Area gun dealers attribute sales spikes to fatal military shooti - | Chattanooga News, Weather & Sports

Area gun dealers attribute sales spikes to fatal military shootings

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"It's one of those you never think it's going to happen to you, and a tragedy like this strikes at home, and people at home go, 'Oh, we're not immune to it,'" says Parker McCall of Chattanooga's Shooter's Depot, who terms business has been "booming" since last Thursday.

In his mind, there's no doubt what is triggering the greater interest in firearms locally.

"We have heard it verbatim, 'I've been thinking about this for a while but because of what happened, I need to do it now."'  

McCall says as the details of last week's shooting came to light, so did more customers, especially those wanting gun safety classes.

"On a good week, we sign up maybe ten people , since about 11 o clock Thursday , we've signed up about 400."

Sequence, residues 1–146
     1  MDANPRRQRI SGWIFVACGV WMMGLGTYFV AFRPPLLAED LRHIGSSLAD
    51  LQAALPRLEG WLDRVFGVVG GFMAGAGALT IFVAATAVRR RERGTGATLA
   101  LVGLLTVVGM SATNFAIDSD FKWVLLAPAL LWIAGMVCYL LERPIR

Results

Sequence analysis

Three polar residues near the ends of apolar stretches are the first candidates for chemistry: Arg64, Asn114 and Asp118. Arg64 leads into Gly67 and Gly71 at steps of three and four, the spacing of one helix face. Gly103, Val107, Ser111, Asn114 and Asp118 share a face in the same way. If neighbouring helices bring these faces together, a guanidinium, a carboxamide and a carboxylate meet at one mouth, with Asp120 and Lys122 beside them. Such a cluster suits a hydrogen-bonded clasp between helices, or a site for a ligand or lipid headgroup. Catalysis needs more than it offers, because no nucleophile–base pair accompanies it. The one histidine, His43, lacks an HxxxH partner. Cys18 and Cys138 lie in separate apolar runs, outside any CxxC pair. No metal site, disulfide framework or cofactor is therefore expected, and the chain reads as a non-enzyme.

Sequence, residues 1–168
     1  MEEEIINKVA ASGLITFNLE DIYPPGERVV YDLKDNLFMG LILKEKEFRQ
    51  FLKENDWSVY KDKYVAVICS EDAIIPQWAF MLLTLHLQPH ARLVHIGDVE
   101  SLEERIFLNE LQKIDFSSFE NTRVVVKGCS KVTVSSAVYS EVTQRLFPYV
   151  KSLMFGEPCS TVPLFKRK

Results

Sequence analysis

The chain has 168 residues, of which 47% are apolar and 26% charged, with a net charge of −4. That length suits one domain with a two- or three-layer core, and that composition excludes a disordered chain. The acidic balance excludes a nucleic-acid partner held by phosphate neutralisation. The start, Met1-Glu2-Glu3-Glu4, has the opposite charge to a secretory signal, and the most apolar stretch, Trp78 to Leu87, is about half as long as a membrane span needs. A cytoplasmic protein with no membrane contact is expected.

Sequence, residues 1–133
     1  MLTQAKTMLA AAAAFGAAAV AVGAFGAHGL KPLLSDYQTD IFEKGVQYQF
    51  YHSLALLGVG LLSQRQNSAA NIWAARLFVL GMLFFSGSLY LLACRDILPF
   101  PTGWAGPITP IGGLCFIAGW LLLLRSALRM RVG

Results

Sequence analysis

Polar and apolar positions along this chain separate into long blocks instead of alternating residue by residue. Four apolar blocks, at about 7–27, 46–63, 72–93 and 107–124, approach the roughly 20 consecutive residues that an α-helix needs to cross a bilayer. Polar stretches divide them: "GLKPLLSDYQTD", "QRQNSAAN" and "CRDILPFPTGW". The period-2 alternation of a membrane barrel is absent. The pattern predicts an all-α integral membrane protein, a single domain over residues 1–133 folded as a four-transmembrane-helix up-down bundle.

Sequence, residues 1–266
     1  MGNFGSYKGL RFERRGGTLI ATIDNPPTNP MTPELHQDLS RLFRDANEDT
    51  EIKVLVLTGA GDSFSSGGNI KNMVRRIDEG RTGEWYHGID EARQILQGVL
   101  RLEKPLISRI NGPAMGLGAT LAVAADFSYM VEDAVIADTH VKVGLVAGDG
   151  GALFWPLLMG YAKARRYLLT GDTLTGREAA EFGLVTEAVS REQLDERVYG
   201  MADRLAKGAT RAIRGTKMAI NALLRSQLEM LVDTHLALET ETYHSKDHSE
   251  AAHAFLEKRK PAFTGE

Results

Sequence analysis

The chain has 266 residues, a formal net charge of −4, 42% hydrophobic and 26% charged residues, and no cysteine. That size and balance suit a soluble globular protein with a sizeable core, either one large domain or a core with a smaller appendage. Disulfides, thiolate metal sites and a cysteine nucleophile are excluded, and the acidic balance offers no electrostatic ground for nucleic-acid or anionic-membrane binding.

"I don't want to leave the house unless I'm armed, in case something like this crazy happens at least I can defend myself," relays Greg Lipscomb of Dalton Gun & Pawn on the rationale of recent gun buyers.

Lipscomb says he's seen at least a ten percent bump in gun sales, due to the Chattanooga shootings.

"Of course, handguns, just anything, revolvers and automatic hand guns," says Lipscomb of the more popular firearms sought by customers.

Samantha Splawn of the Whitfield County Probate Office says on an average day, they'll process anywhere from five to fifteen gun applications.

But on the Monday following Chattanooga's shooting tragedy, that number jumped to twenty.

Back at Shooter's Depot, McCall says he expects the recent rush for guns to subside over the next few weeks, but until then, all he's trying to do is reload inventory.

"We've had to go pick up ammunition and guns almost on a daily basis to try to keep our cases and shelves full."

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